King's Highway pt. 38: Rose Madder

The title of this one put the theme from the old Roadrunner cartoon in mind every time I picked it up:

Rose Madder (meep meep!) It's fun to beat your wife!
Rose Madder (meep meep!) But it might cost you your life!

And so on. Sorry if that gets stuck in your head. (Welcome to my world, and if you come up with any fun variations, please share.)

NOTE: Don't beat your wife, or anyone, please. Thank you.

The plot: Rose Daniels née McClendon escapes the torture of an abusive marriage and with the help of a battered woman's shelter, begins life anew in a city far away. Her husband, Norman Daniels (a villain that I can only describe as Henry Bowers (from It) on steroids and armed with (from the description on the back cover) "a cop's training, a cop's technology, and a cop's bloodhound instincts") gives chase, determined to teach her a lesson she'll never forget. (In the parlance of the novel: 'talk to her Up Close.')

In the pawn shop where she hocks her diamond (fake, of course) engagement ring, she meets Bill, a new (and non-abusive) love interest, and she is mesmerized by a painting identified only by a single name on the back: Rose Madder. From the New York Times review: "After hanging it on the wall of her room, she notices that it (begins) to change in peculiar ways. Soon she finds herself able to enter the world it depicts.... She gets caught in an eerie play of mythic forces that reflect and eventually resolve the conflict between her and her husband."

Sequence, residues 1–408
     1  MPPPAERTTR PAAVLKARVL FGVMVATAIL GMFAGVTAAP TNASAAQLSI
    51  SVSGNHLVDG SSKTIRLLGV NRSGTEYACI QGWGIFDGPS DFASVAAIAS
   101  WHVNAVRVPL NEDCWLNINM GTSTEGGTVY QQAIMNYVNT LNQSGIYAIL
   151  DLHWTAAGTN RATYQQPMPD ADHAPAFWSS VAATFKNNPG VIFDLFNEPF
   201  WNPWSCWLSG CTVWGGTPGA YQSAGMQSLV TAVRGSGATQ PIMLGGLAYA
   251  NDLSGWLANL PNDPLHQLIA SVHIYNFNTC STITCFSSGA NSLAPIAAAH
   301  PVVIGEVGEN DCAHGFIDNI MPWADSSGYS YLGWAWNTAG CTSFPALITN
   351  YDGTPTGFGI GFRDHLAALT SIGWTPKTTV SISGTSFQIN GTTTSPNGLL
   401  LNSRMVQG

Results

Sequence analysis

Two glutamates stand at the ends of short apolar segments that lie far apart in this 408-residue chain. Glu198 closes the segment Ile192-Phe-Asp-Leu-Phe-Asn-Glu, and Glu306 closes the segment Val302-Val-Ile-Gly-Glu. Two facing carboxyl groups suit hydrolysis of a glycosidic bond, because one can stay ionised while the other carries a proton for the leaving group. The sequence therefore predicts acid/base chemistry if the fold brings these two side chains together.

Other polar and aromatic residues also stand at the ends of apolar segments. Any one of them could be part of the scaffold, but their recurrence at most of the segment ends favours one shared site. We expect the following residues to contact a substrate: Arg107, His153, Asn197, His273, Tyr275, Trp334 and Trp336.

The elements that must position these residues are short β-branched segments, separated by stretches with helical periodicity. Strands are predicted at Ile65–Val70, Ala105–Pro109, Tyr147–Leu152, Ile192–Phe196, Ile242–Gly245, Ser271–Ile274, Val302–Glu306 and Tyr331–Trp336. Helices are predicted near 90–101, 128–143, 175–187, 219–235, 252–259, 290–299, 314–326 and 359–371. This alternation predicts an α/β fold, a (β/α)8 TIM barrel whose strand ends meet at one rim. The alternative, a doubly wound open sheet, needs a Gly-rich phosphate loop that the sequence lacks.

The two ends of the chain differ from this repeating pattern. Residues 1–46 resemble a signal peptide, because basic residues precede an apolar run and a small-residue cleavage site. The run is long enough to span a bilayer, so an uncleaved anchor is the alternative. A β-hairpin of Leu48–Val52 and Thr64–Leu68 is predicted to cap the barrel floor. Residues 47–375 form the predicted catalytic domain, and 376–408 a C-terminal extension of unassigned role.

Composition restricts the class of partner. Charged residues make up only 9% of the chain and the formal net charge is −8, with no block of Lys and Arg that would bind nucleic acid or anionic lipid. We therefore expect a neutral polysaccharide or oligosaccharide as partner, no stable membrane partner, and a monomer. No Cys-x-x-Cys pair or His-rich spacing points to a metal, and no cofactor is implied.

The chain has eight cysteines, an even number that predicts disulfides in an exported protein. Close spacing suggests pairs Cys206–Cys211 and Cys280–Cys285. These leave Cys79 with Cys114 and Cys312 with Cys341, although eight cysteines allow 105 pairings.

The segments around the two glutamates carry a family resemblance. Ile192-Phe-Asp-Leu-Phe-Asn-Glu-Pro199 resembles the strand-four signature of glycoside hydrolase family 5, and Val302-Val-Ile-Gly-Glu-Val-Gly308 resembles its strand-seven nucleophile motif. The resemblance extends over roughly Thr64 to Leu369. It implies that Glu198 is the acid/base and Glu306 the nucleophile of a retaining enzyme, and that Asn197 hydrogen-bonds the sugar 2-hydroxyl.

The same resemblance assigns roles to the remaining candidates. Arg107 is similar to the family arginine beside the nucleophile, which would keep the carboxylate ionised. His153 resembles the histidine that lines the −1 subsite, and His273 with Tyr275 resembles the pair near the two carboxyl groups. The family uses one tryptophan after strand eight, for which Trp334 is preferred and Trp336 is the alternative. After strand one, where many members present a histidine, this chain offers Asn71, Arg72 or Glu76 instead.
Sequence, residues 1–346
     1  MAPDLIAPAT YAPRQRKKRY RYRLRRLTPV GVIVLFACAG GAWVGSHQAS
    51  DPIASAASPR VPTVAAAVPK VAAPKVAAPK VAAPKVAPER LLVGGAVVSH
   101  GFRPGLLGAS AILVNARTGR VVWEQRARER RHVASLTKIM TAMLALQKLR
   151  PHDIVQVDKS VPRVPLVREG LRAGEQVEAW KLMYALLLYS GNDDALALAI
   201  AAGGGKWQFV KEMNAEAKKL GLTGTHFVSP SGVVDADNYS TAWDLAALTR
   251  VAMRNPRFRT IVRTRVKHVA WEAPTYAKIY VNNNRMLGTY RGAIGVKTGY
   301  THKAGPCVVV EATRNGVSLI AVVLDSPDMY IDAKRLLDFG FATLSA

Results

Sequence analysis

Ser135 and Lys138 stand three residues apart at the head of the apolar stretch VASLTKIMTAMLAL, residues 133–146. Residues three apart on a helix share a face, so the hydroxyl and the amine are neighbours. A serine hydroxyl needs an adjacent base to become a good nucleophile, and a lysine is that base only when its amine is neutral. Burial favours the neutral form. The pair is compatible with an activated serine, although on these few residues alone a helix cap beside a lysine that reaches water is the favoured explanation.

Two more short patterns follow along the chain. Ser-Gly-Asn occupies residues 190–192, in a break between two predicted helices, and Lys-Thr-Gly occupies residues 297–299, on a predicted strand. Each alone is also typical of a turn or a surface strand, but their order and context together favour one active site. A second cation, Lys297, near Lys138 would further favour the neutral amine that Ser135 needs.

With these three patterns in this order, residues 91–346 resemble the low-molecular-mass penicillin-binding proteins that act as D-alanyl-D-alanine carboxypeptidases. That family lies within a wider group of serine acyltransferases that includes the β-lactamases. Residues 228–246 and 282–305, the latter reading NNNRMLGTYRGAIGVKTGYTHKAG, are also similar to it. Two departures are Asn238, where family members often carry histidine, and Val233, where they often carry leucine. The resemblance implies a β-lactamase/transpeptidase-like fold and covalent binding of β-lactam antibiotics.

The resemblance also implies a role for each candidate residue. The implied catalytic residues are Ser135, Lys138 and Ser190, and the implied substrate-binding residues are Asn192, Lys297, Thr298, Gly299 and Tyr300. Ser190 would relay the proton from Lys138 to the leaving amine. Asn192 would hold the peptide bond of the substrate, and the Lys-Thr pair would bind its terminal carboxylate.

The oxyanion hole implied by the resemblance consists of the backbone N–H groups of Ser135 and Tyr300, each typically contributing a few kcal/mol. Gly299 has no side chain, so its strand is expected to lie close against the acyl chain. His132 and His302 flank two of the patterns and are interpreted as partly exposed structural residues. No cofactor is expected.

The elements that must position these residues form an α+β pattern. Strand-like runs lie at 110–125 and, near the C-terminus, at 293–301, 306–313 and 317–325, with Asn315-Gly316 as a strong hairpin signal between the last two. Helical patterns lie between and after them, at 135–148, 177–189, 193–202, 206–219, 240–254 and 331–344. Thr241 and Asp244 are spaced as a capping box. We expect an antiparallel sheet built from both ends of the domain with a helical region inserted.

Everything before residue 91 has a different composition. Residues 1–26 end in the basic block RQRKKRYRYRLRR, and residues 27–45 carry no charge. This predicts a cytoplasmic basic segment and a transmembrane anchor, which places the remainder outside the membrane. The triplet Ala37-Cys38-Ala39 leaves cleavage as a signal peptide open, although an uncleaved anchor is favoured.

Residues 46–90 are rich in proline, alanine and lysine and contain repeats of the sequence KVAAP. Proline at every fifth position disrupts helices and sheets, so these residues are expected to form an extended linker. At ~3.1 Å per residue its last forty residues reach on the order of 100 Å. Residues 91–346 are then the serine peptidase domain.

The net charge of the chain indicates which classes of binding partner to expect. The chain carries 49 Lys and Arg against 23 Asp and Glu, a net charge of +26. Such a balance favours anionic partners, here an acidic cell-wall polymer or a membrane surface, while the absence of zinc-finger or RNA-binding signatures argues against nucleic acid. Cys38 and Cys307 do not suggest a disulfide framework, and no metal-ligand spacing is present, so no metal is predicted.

Rose Madder by chaniilame from Deviant-Art. 
The bits leading up to her physical immersion in the painting are well-handled. First she hears crickets, then she opens the back of the painting and grass and dead bugs fall out, then she hears the storm from within, sees the glow of the moon, etc. I quite enjoyed the build-up.

King separates this story into several sections: Sinister Kisses (the prologue), One Drop of Blood, The Kindness of Strangers, Providence, The Manta Ray, Crickets, The Temple of the Bull, Picnickers, Viva Ze Bool, I Repay, Rosie Real, and the epilogue, The Fox Woman. I'm not always enamored with King's chapter/section titles, but I love these.

Got this from here - great picture.